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#3 Posted on 23.10.06 2057.11
Reposted on: 23.10.13 2058.26
Quick problem...

Unless Boston College loses another conference game they will play for the ACC title, not Clemson.
Texas Kelly
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#4 Posted on 23.10.06 2258.45
Reposted on: 23.10.13 2259.01
    Originally posted by wmatistic
    Quick problem...

    Unless Boston College loses another conference game they will play for the ACC title, not Clemson.

Thanks for catching that error. I wasn't following my own guidelines! ;)
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#5 Posted on 24.10.06 0001.57
Reposted on: 24.10.13 0002.02
Question re: the SEC-Let's say the following happens:

1) Auburn wins out
2. Arkansas loses to LSU, but beats Tennessee, and beats Florida in the SEC Championship game

If Auburn is high enough to be considered for the NCG, there's no way they could realistically place an Auburn team that didn't even win it's own division in it's own conference, right? Especially since their one loss came to the team that actually *won* the conference.

OR, if Auburn wins out, and Florida wins out, winning the SEC, that would potentially put a one-loss Florida team in the National Championship instead of the one-loss Auburn team that beat them-which, given the kvetching about Cal being ranked ahead of Tennessee that comes out of the SEC camp, would be a little more than hypocritical.

I mean, yeah for Arkansas' success and all that, but didn't they kinda throw a monkey wrench into the works? And would there actually be a clamoring for a TWO loss SEC Champion to be placed in the NCG?
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#6 Posted on 24.10.06 0051.53
Reposted on: 24.10.13 0052.37
This was actually talked about I believe in the last College Football thread last week. It is possible for a team that didn't win their division of their conferece to go to the National Championship. It happened in 2001 when Texas played Colorado in the Big 12 Championship but Nebraska went to the National Championship game.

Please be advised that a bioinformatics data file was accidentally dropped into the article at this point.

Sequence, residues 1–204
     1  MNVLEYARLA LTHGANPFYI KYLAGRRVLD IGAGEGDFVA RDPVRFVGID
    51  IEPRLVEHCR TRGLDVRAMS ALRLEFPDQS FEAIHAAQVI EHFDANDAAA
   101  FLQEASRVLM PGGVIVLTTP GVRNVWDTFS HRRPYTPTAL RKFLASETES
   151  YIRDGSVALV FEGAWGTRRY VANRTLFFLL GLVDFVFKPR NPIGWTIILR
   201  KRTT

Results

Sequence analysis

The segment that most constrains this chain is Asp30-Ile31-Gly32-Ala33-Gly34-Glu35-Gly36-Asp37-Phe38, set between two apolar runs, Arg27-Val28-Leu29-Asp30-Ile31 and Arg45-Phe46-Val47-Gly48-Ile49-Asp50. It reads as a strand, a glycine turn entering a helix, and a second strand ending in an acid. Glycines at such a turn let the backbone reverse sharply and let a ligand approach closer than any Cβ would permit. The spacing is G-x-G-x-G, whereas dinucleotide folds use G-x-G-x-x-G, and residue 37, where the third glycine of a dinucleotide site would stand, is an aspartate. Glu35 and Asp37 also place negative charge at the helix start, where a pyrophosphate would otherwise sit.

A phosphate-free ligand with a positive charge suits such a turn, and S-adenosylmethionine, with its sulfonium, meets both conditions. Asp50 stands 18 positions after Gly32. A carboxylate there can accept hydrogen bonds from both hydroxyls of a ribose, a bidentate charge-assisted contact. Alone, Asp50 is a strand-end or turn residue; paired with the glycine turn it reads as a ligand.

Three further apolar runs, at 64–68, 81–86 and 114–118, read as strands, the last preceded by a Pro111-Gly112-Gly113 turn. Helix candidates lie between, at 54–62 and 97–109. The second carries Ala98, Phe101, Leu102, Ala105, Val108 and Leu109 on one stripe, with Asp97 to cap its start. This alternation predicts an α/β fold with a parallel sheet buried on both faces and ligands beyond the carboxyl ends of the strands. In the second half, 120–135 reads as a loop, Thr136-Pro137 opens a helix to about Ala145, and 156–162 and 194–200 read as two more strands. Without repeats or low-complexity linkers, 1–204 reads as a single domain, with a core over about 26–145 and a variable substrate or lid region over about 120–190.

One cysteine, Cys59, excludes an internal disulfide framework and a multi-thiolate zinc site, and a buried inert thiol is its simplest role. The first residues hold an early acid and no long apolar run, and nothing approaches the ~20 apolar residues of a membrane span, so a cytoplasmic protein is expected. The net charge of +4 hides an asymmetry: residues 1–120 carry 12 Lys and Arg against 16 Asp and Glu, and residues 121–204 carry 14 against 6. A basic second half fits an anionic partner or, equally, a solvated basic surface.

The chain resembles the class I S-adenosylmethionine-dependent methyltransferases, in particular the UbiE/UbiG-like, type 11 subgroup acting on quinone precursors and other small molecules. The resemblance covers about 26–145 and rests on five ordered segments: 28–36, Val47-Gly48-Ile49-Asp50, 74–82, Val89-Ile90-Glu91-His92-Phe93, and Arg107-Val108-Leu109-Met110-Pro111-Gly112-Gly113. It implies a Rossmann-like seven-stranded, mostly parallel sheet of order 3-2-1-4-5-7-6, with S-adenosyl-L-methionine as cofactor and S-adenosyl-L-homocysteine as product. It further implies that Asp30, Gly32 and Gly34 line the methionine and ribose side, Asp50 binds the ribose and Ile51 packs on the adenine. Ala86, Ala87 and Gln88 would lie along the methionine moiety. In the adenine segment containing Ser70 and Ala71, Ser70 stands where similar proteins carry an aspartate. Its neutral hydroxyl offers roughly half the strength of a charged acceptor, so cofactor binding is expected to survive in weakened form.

As for Auburn and Florida winning out. If they do win out I think there is plenty argument for Florida to be ranked ahead of Auburn even though they lost the head to head game.
- Florida would be the conference champion
- Florida would have a "better loss" becuase their loss (Auburn) would be ranked higher than Auburn's (Arkansas)
- Florida would win an extra game
- Florida played the harder schedule seeing as how they didn't get to play either Mississippi school and did have to play Tennessee, plus got a FSU non-conference game. Even Florida's other non-conference games (So. Miss and UCF) are better than Auburn's (Tulane and Buffalo)
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#7 Posted on 24.10.06 0056.37
Reposted on: 24.10.13 0056.54
    Originally posted by Quezzy
    This was actually talked about I believe in the last College Football thread last week. It is possible for a team that didn't win their division of their conferece to go to the National Championship. It happened in 2001 when Texas played Colorado in the Big 12 Championship but Nebraska went to the National Championship game.

    As for Auburn and Florida winning out. If they do win out I think there is plenty argument for Florida to be ranked ahead of Auburn even though they lost the head to head game.
    - Florida would be the conference champion
    - Florida would have a "better loss" becuase their loss (Auburn) would be ranked higher than Auburn's (Arkansas)
    - Florida would win an extra game
    - Florida played the harder schedule seeing as how they didn't get to play either Mississippi school and did have to play Tennessee, plus got a FSU non-conference game. Even Florida's other non-conference games (So. Miss and UCF) are better than Auburn's (Tulane and Buffalo)


None of it will matter when Georgia plays the game of its life to sneak up on the Gators and pull off the upset.
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#8 Posted on 24.10.06 0729.11
Reposted on: 24.10.13 0729.33
    Originally posted by TheBucsFan
      Originally posted by Quezzy
      This was actually talked about I believe in the last College Football thread last week. It is possible for a team that didn't win their division of their conferece to go to the National Championship. It happened in 2001 when Texas played Colorado in the Big 12 Championship but Nebraska went to the National Championship game.

      As for Auburn and Florida winning out. If they do win out I think there is plenty argument for Florida to be ranked ahead of Auburn even though they lost the head to head game.
      - Florida would be the conference champion
      - Florida would have a "better loss" becuase their loss (Auburn) would be ranked higher than Auburn's (Arkansas)
      - Florida would win an extra game
      - Florida played the harder schedule seeing as how they didn't get to play either Mississippi school and did have to play Tennessee, plus got a FSU non-conference game. Even Florida's other non-conference games (So. Miss and UCF) are better than Auburn's (Tulane and Buffalo)